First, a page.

Water, Can’t Beat the Real Thing

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When I was eighteen-years-old and left America to travel the world, I learned something truly fascinating about human beings: they drink water.  Plain water.  The very same stuff my dog drank, and that we used to wash dishes and cars and ourselves was  consumed in its natural form by billions of people around the world.  No added sugar necessary.

You think I’m exaggerating now, but I’m not.  As a child, I never drank water, other than the occasional desperate sip from a water fountain at school after recess.  My primary home was my father’s house, where we weren’t allowed to have sodas, and instead drank pink lemonade which he made from a powdered mix.  I also spent a great deal of time at my paternal grandmother’s house, and there I usually drank Ginger Ale, which she said was good for the stomach because it made the food settle.  If I wasn’t trying to digest one her of heavy, oily meals and getting food to settle was not an issue, there was Coke, which was also good for the stomach because it made you greps (burp).  And then there was my mother’s apartment.  My mother was incapacitated and had a caregiver for several years, Susan, who was addicted to Coke and cigarettes.  You’re going to think I’m exaggerating again, but I kid you not when I tell you that three times each week my brother and I went to 7-Eleven with Susan where we picked up a grocery bag full of Coke, Sprite, Kit-Kats, Snickers, and cigarettes (for Susan) to get us through the afternoon.  (In my mind now, I’m going back in time and trying to protect my little girl lungs from the second-hand smoke.)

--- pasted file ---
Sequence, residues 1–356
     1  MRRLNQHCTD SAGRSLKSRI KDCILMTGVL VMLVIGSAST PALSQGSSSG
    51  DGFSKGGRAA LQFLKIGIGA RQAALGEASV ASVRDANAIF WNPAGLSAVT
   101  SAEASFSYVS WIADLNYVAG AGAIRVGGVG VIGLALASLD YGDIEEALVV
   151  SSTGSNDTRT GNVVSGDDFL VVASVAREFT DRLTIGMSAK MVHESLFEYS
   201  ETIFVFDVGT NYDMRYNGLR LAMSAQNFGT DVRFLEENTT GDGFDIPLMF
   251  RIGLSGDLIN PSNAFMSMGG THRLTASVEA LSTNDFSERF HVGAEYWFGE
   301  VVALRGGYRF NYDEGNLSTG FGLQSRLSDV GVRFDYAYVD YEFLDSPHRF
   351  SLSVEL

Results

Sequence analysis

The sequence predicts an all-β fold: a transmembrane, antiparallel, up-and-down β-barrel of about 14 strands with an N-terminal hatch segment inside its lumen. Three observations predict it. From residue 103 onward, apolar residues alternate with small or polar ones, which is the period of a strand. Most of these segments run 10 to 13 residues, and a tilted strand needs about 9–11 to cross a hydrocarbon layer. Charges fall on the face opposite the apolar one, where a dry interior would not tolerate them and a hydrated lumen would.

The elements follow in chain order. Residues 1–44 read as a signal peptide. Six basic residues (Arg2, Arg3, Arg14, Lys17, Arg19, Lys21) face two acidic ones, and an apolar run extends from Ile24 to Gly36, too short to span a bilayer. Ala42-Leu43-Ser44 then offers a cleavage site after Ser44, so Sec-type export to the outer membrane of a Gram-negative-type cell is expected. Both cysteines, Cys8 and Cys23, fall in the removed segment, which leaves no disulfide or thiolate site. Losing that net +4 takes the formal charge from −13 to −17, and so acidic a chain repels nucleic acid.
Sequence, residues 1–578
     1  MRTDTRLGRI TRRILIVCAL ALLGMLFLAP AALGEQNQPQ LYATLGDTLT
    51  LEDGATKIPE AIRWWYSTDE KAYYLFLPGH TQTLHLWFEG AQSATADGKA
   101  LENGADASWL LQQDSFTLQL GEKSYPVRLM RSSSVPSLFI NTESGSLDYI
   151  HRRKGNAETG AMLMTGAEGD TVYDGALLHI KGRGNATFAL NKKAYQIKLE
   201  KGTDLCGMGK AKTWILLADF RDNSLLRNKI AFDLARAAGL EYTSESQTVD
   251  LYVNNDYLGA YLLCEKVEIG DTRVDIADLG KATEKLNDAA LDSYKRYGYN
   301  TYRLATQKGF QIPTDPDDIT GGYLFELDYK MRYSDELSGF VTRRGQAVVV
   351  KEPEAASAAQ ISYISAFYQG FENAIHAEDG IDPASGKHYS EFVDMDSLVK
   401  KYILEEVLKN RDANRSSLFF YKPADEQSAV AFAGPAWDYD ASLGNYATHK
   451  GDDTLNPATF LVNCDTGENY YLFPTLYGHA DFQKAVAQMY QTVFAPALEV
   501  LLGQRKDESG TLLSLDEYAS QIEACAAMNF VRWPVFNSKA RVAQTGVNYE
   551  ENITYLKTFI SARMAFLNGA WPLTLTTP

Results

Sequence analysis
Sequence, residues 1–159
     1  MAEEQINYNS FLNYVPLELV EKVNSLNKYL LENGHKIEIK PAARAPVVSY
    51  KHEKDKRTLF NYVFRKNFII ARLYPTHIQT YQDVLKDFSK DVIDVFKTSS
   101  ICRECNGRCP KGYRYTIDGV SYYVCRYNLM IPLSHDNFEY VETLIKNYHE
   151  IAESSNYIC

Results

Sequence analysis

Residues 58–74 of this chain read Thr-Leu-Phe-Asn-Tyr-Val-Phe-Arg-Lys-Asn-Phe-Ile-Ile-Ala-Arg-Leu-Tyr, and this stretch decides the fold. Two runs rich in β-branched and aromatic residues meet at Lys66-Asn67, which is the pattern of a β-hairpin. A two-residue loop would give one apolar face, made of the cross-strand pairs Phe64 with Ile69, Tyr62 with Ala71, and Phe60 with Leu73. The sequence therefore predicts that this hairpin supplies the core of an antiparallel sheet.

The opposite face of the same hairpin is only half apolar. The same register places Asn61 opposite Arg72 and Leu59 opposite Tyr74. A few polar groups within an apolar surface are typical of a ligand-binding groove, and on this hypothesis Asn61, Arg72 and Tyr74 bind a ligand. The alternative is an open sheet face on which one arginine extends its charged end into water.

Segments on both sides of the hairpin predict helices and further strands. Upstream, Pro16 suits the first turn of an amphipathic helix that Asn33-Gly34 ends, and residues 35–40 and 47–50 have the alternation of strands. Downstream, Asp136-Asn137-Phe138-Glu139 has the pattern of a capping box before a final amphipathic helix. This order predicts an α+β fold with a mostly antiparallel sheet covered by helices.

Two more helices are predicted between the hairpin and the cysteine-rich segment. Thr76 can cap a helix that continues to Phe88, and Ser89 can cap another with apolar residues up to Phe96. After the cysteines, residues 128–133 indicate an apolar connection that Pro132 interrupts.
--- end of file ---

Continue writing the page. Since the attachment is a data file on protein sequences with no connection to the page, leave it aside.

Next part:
For school lunches I brought juice boxes or Capri Sun.  At summer camp I drank bug juice, even though I didn’t like it.  At birthday parties I skipped the Kool-aid, because I really didn’t like it.  When we went out for pizza I ordered Dr. Pepper or root beer.  Sometimes I got lucky and found a vending machine with Grape Soda or Orange Crush.  I took Gatorade to the park.  In high school  I took juice boxes to school or bought Diet Coke from the vending machine.   When it was cold I drank Ovaltine.  Before I went to bed I drank milk or, oddly, Postum

Jump forward in time now to the kitchen of my adulthood.  Guess what you won’t find?

You live and learn, right?  Or you get diabetes and learn.*  Either way, the only beverages in my home are water, soda water, milk, coffee, and herbal teas. Oh, and wine, of course.

So, yes, I’m not in favor of any sugary drinks, and I’m pretty much anti-soda.  I make exceptions for a person who is hypoglycemic, or needs to settle the stomach.  Otherwise, my motto is just say no.  There are probably hundreds of scientific papers which back up my feeling that sodas are bad.  Here’s a post about a recent one, Sugary Drinks May Increase Heart Disease, Diabetes, Even in Women of Normal Weight.

Just after I saw the article about sugary drinks, I saw Karmel Allison’s pictures of her very first JDRF Walk.  This picture caught my eye: